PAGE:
Assessment of apoptosis of breast cancer cells was seeded into 6-well plates at 4 × 105 cells per well and treated with either paclitaxel or cisplatin as a positive control or various concentrations of SMR peptides or 337.5 nM MKT-077 on K562 cells, 300 μM DMA and 200 μM omeprazole alone or combined with 1.6 μM paclitaxel or 2 mg/mL of cisplatin for 48 hours. The cells were fixed with 4% paraformaldehyde in phosphate buffered saline (PBS) (pH 7.4). The terminal TUNEL assay was carried out following the manufacturer’s instructions (Nexcelom, Lawrence, MA) and measured by flow cytometry (GUAVA easyCyte HT, EMD Millipore Corporation, Temecula, CA).

Complement-mediated cell cytotoxicity assay

Complement-mediated cell cytotoxicity assay was performed as described [53]. Briefly, MCF-7, MDA-MB-231 and K562 cells either were transfected with mortalin siRNA or without siRNA. Cells were incubated with 1 μg/ml of anti-CXCR4 antibody for 30 min at 4° C and then treated with PEG-SMRwt-Clu peptide, PEG-SMRmut-Clu peptide, SMRwt-CPP peptide, SMRmut-CPP peptide alone, treated with SMR peptide combined with complement from normal human serum (NHS) or heat inactivated normal human serum (NIS) for 60 min at 37° C. Percentage of cell lysis was determined with trypan blue by TC10 Automated Cell Counter (Bio-Rad, Richmond CA).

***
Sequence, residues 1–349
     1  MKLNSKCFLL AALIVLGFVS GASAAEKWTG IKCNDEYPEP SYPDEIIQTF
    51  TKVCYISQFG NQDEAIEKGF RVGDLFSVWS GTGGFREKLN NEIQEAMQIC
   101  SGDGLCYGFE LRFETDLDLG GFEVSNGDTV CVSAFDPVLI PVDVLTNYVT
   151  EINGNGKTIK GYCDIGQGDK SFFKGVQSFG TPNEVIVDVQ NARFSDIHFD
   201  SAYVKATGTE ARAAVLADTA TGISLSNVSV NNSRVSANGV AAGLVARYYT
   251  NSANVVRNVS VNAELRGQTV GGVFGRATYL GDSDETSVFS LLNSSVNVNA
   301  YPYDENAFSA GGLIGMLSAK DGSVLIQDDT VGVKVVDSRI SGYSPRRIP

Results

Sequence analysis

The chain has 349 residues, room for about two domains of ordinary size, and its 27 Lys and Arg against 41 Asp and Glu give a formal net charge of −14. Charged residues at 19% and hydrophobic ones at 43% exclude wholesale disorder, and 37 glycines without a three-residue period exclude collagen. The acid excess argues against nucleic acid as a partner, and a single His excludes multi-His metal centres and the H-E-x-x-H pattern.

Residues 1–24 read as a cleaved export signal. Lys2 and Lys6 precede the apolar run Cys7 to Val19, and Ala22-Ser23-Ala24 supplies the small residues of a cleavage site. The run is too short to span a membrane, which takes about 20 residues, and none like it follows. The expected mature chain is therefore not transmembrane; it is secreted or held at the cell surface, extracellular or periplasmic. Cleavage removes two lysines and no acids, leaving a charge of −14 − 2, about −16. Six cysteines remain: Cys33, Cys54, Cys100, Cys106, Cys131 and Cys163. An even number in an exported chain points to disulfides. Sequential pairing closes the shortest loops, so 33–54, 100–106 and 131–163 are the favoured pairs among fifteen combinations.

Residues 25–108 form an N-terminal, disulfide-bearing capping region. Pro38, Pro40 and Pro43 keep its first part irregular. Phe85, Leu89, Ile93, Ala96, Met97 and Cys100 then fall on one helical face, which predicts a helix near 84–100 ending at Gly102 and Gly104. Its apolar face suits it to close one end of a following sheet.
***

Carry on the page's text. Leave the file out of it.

Transient transfection with mortalin small interfering RNA (siRNA)

MDA-MB-231, MCF-7 breast cancer cells and K562 leukemia cells were plated in T-75 flasks with EV-free medium. After 24 hours in a 37° C incubator, the cells were collected. Cells were transfected with double-stranded siRNAs as described [8]. The small interfering RNA for HSPA9 and the SI-Neg control RNA were identical to that previously described [7, 8]. Cells treated with vector only (Mock) and with the siRNA-Neg construct (Neg) were used as controls. Following transfection, the cells were incubated in culture medium at 37° C for 72 hours before tested. Collected cells and EVs were isolated at 72 hours and measured by AchE assay and Western blotting.

Nanoparticle tracking analysis (NTA) for extracellular vesicles

Analysis of the absolute size distribution in 300 μL of EVs was performed using NanoSight LM10 with NTA2.3 (NanoSight Ltd., Minton Park, UK). Particles are automatically tracked and sized based on Brownian motion and the diffusion coefficient. After isolation, the untreated and treated MDA-MB-231 and MCF-7 and K562 EVs were re-suspended in 0.5mL of PBS. Control medium and filtered PBS are used as controls in this technique. The NTA measurement conditions are described in Huang et.al [8]. Two recordings were performed for each sample.

Author contributions